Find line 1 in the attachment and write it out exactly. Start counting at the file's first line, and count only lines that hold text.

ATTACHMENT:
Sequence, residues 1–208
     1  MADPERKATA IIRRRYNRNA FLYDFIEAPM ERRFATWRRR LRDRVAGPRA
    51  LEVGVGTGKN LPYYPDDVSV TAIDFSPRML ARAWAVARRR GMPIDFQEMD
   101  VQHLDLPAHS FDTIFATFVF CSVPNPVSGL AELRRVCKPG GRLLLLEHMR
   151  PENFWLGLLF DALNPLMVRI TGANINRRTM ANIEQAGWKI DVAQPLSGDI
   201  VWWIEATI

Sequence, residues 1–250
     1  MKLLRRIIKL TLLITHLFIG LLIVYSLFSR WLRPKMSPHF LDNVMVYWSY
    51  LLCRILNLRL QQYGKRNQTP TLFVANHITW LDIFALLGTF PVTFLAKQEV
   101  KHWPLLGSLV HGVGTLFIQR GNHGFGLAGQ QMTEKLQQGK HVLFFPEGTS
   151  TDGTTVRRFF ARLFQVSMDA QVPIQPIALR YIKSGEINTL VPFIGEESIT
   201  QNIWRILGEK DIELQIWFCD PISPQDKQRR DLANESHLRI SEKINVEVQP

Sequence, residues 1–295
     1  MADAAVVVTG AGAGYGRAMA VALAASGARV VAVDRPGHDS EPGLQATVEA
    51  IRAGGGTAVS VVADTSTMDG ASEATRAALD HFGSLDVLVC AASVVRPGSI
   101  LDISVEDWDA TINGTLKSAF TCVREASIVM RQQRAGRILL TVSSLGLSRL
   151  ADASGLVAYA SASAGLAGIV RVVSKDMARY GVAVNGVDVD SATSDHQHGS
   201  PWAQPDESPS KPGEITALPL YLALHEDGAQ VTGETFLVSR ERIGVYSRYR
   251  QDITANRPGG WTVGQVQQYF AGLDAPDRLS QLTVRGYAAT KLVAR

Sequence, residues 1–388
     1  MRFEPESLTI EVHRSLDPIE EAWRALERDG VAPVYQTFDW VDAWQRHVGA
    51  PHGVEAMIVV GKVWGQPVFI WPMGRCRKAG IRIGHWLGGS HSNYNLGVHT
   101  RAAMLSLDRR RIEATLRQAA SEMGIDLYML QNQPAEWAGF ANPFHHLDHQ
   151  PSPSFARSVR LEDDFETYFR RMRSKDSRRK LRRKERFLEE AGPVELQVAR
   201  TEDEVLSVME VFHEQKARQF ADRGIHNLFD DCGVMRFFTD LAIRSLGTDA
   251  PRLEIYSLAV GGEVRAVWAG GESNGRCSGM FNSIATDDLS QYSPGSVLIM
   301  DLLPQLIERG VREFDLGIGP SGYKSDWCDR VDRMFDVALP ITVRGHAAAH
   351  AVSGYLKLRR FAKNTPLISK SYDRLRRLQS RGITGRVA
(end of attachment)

Sequence, residues 1–208